inline cage feeder

tony1234

Member
Hello

I am currently fishing with the Matrix inline cage feeders. They weigh 40 grams. The reason why I prefer this type of swimfeeder is because an inline flat feeder is not suitable for fishing in deeper water with a moderate current.

My hooklength is 4 inches long, the hooksize is number 10, with on the hair 1 corn. The thickness is Ø 22.

The problem I encounter is quite annoying. When I cast my rod, it so happens that my hooklength twists with my mainline. Consequently I don't stand a chance to catch a fish.

To solve the problem, I tried to shorten the hooklength to 2 inches. My question to you: isn't this too short?

I've also tried to increase the thickness of my mainline to Ø 28. Isn't that too much?

Has anybody experienced the same problems?

I would prefer to fish with a hooklength of 4 inches, the prime target is bream.

Would an increase of the weight of the feeder to 50 or 60 grams result in me catching more fish?

Thanks in advance!

Greetings from Flanders (Belgium)! :cool:

Tony
 

greenie62

Well-known member
...My hooklength is 4 inches long, the hooksize is number 10, with on the hair 1 corn. The thickness is Ø 22.

The problem I encounter is quite annoying. When I cast my rod, it so happens that my hooklength twists with my mainline. Consequently I don't stand a chance to catch a fish....
Hi Tony,
Welcome to the FM Mad-house!

Try tucking your bait into the end of the feeder - this should stop it twisting round the main-line - irrespective of the length of the hook-link. Many bream anglers go for a longer hooklength than 10cm - often over 50cm.

Your method sounds ideal for me - as I usually try to avoid catching bream!:D

Tight Lines :thumbs:
 

lutra

Well-known member
I've always found 3-4" to works well with an inline feeder. Never found any advantage in going longer, it just encourages deep hooking. If you go to short, you may find they start nicking the bait off your hair without getting hooked.

As Greenie62 says, you can took some or all of your hook length inside your feeder to stop it tangling when casting.
 

sagalout

Well-known member
As Greenie says tuck it in, also be aware that the wrap round can happen on the retrieve.
 

rayner

Well-known member
I always opt for a 2 foot hook link for bream fishing. Because I like a slow fall to my hook bait.
In your circumstance with a short hook link, as said above tuck the line inside the feeder with the hook showing.
Leaving the hook outside the feeder will prevent the hook snagging the feeder.
 

tony1234

Member
I will try to tuck a part of the hooklength in the feeder . I wonder if I need to fish with braid in that case?

I also have another question . Since it is getting colder i would like to change my hookbait (corn) to dead maggots and put some small sized living maggots in the inline cage feeder. How many dead maggots should i put on a size 10 hook and doesn't that prevent the self hooking mechanism because not fishing with a hair ?.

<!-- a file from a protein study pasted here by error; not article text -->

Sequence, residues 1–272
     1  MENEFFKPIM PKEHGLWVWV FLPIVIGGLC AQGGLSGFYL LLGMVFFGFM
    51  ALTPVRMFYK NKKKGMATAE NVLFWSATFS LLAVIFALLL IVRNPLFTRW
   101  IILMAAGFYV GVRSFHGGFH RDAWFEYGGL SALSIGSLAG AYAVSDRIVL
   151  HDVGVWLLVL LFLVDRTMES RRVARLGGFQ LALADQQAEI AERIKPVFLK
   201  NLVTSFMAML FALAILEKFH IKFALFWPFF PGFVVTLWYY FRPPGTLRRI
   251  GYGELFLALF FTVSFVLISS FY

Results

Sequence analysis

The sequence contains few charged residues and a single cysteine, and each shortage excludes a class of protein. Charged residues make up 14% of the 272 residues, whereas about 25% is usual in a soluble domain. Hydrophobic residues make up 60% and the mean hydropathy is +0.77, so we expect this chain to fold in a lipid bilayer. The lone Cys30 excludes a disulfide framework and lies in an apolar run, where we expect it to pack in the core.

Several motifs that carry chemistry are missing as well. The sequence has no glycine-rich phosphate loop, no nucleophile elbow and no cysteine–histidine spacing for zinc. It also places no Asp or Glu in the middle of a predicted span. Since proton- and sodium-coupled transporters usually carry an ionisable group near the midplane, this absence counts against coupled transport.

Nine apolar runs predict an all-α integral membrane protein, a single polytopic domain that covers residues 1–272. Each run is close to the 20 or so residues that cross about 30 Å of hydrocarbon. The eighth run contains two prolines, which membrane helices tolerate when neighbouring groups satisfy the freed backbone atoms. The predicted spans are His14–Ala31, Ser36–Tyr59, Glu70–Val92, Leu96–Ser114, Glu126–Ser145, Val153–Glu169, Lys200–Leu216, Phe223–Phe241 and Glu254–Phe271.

robtherake

Well-known member
I will try to tuck a part of the hooklength in the feeder . I wonder if I need to fish with braid in that case?

I also have another question . Since it is getting colder i would like to change my hookbait (corn) to dead maggots and put some small sized living maggots in the inline cage feeder. How many dead maggots should i put on a size 10 hook and doesn't that prevent the self hooking mechanism because not fishing with a hair ?.
You don't need a hair rig in all cases - the self-hooking part will still happen as soon as the fish tightens the line to the feeder. As to how many maggots - ask Tigger how many you can get on a small hook, I believe he holds the record!;)

You'll be able to sandwich a big pinch of maggots between two slugs of groundbait when filling the feeder, leaving the bottom end not quite full so there's room to trap the hooklink with the last thumbload. That's how I do it, anyroad.:)
 

lutra

Well-known member
I will try to tuck a part of the hooklength in the feeder . I wonder if I need to fish with braid in that case?

I also have another question . Since it is getting colder i would like to change my hookbait (corn) to dead maggots and put some small sized living maggots in the inline cage feeder. How many dead maggots should i put on a size 10 hook and doesn't that prevent the self hooking mechanism because not fishing with a hair ?.
No you don't have to use a hair Tony, but you do need to leave the point of the hook showing and not block it all up with bait.

A lot on a size 10 I should think. Its a very big hook for maggots.
 

greenie62

Well-known member
I will try to tuck a part of the hooklength in the feeder . I wonder if I need to fish with braid in that case? NO - no need to overcomplicate things - KISS Principle applies!

I also have another question . Since it is getting colder i would like to change my hookbait (corn) to dead maggots and put some small sized living maggots in the inline cage feeder. How many dead maggots should i put on a size 10 hook and doesn't that prevent the self hooking mechanism because not fishing with a hair ?.
The hair-rig isn't necessarily a self-hooking mechanism.
You can still use the hair with dead maggies - just supaglue one to it - then supaglue another 3-5 to that one!
Might be worth trying a small cube of meat on the hair - as a change bait - or a drilled 8mm pellet!
Tight Lines!
 

laguna

Well-known member
That's how I do it, anyroad.
That's a proper Yorkshire sayin that is!

A hook that size will puncture your maggots. Avoid bream at all costs, but I would use a looped-hair if putting a big bunch of maggots on.
You can get 20 maggots on (pinched in the arse) with a thin curved sewing needle by looping back a long open hair, tucked into some rig tubing on the shank.